Uh..no it hasn't been considered before...so it looks like you might be the one to try it.I'm sorry if this idea has already been shared but...
What if you dropped the rollers in an acid bath (Muratic from HD) and let it pit them a bit? That might make them kind of knobby
That's for etching glass, I dunno if it would work on metal...it would be interesting if it would, because then we could create a diamond pattern stencil or something and get some actually control into the shape of the etching...do a grid or a cross hatch or something.Hmmm...what about the etchy stuff that people use on carboys....
It's back together and here's an incredibly pixelated video. I streamlined the resolution for internet and Google boxed it some more, but you can still make it out. The machined grooves work, but not as well as sandpaper. But it still crushed one pound per minute. I will put more grooves in it and try again. Today's batch went well. Word of caution: the audio doesn't come out until after about 50 seconds. So if you keep trying to increase the volume until then, you'll get a sudden earful of motor. The video is around 2 minutes.
Try this picture. Shows the motor and stuff I described above. Note the pasta roller in pieces because the rollers are still at the machine shop. And duct tape in the background. Mmmm.... tasty. When it's back together I'd be happy to videotape a grind.
I haven't read to the end yet so I may find you did get this back togehter, but if not, and it's the same as mine I can help you.I got mine back from machine shop quite a while ago, he wasn't able to knurl them, but threaded them one way then cross threaded which gave the same output. Problem now, I can't remember how I got the damn thing taken apart so I can put it back together.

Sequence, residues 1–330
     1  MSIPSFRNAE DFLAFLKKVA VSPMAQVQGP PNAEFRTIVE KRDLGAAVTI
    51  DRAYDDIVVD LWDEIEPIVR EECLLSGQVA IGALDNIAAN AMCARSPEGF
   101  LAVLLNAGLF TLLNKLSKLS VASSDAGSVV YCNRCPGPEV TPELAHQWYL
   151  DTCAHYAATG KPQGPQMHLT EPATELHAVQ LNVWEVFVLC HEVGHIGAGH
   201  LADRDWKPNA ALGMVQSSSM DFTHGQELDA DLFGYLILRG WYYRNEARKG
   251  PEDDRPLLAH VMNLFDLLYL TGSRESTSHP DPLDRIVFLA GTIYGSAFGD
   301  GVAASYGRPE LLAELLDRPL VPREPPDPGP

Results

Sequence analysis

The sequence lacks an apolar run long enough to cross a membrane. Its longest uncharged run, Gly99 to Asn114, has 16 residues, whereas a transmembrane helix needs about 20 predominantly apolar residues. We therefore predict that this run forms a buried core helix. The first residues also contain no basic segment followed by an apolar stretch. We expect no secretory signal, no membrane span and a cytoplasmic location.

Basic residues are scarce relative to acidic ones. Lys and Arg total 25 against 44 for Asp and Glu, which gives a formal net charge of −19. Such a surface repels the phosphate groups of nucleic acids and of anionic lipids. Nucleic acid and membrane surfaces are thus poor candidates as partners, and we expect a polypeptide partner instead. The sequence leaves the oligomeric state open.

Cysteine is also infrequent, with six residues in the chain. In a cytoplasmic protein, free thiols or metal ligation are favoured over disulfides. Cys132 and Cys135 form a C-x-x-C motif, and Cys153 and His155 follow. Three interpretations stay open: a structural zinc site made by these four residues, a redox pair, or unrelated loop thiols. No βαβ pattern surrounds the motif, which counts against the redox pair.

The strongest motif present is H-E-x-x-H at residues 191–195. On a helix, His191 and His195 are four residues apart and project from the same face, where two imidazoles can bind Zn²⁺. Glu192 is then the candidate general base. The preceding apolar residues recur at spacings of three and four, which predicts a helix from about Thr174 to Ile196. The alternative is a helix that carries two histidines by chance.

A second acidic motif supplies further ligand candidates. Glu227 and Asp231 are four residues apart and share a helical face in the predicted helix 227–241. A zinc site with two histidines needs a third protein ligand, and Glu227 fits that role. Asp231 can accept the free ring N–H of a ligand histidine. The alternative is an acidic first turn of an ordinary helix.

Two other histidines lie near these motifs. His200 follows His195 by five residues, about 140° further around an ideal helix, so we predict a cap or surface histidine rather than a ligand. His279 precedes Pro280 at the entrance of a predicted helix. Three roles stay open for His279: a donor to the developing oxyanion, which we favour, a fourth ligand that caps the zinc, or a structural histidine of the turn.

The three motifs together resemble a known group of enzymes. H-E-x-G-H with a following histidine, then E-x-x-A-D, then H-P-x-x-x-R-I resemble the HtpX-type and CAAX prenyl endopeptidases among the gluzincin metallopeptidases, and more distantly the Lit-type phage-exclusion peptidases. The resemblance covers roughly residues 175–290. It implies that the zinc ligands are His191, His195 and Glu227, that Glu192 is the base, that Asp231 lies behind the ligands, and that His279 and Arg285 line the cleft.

Happy? Yes. Do it again? Only if this one breaks. I use this for all my batches now. This is my fifth consecutive pasta brew and unless it fails I'm sticking with it. But as I implied, there's still room for improvement. Now that I have a real handle on how much extra friction is needed, the next pass on the milling machine should bring it where I really want. Just a few extra grooves.Are you happy with the end product? Would you do it again? I picked up a 60's or 70's pasta maker that seems to have very heavy rollers, and I'm about to be sending it to a machine shop.
Any efficiency estimates yet?
From the original handle I hacksawed the last 2 inches or so, connected that to a MIP brass threaded end cap through which I drilled a hole. I drilled two cotter-pin style holes perpendicular to this fitting to hold it and crimped two finish nails in them as holding pins. I screwed the threaded brass cap into a FIP coupler that had a 1/2" female adapter on the other end. I screwed that end into a motor shaft attachment I found at ACE hardware for $5-$7 that is for 1/2" motor shafts. Sorry if this isn't clear. It's a kluge but it works great.You ROCK!!!!!
Looks like we have liftoff on this project. Especially if we get some reports back from successful machinings.
Mos, can you describe the drive shaft for us? What are you using?